You can look at LTNCDs as a hybrid of time deposits and bonds. Similar to a time deposit, it needs a certain time before it matures, and just like bonds, LTNCDs are negotiable and have quarterly interest gains. 

Other features of LTNCDs:

  • LTNCDs usually have an offer period issued by banks (the issuer). 
  • This investment instrument usually has a minimum investment/required starting capital of Php50,000 or more, depending on the issuer.
  • You can add more money to your LTNCDs. The increments depend on the issuer. Usually, this falls between Php10,000 to Php100,000.

How LTNCDs Work

Although its name may sound complicated, LTNCDs are a simple concept. You’ll be able to easily estimate how much you’re going to earn through simple math.

But first, you have to look at your capital, the interest, interest period offered by the issuer, and the maturity of the LTNCD. 

For example, let’s take a look at the BPI LTNCD due 2025 (5 ½ years tenor).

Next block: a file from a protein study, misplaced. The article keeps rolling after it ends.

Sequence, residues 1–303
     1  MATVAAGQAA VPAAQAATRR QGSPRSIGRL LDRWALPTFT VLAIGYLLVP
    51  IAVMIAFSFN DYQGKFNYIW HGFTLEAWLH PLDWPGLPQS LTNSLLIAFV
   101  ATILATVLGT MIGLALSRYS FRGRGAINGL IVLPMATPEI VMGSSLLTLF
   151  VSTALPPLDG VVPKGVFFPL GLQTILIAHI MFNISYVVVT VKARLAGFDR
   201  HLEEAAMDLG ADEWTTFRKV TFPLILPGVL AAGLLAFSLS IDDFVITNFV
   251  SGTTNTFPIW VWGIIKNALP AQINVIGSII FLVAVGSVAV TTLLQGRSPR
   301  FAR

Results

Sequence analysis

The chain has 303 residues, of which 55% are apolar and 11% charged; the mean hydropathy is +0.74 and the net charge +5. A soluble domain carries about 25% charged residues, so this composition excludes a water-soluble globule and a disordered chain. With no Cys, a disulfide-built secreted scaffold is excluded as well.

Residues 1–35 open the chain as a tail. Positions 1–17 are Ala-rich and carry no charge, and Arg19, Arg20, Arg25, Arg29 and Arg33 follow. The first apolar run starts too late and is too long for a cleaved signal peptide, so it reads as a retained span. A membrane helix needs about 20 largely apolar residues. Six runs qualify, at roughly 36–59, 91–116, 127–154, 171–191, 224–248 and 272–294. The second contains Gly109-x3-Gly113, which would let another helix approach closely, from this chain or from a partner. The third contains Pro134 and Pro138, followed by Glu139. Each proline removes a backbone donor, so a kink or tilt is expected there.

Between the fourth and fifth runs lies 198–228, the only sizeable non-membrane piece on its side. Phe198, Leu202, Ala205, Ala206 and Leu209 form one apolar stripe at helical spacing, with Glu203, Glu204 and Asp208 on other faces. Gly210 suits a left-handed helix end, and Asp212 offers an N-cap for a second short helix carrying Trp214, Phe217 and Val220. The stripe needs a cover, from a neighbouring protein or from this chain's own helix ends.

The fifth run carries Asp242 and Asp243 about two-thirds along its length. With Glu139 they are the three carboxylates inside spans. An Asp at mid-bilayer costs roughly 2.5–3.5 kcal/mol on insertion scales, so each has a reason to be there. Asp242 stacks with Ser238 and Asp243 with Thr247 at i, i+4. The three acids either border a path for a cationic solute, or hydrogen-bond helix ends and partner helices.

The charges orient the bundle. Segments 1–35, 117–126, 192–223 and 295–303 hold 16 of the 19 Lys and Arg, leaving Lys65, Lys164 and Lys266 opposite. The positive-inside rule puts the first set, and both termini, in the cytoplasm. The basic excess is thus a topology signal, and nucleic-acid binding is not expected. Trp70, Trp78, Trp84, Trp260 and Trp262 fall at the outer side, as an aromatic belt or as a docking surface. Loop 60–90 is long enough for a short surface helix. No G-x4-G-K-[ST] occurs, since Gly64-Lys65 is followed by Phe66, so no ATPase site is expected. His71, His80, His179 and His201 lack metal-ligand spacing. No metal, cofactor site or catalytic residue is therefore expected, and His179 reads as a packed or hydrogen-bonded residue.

It has a fixed interest rate of 4% per annum from and including the issue date (October 25, 2019). The interest will be paid quarterly, particularly on January 25, April 25, July 25, and October 25 of each year (except April 25, 2025 – maturity date). Transfers/negotiations must be done via PDEx.

For this Php3.1 billion-worth LTNCD, it will be issued in scripless form in P1 million denominations, and integral multiples of P100,000.   

Let’s say you put the minimum amount of P1 million in this LTNCD. Here’s how it will be computed:

Interest (quarterly):

  • Capital x (Interest / the number of payouts per year)
  • Therefore: 1,000,000 x (4% / 4) = 10,000

Total interest:

  • Quarterly interest x total number of payout
  • 10,000 x (4 payouts in 5 ½ years) = 220,000 


  • 220,000 / 1,000,000 = 22%

From the calculations above, you will gain Php220,000 or 22% if you invested P1 million in the mentioned BPI LTNCD.

Time Deposits vs. LTNCDs

Now that you know what an LTNCD is, you may be wondering what makes it different from time deposits.

The maturity of time deposits ranges from a month to several years. During that time, it is non-transferable, and you need to pay a hefty fine to terminate it before maturity.

Meanwhile, LTNCDs cannot be pre-terminated but can be sold to the secondary market.

Pros & Cons of Investing in LTNCDs in the Philippines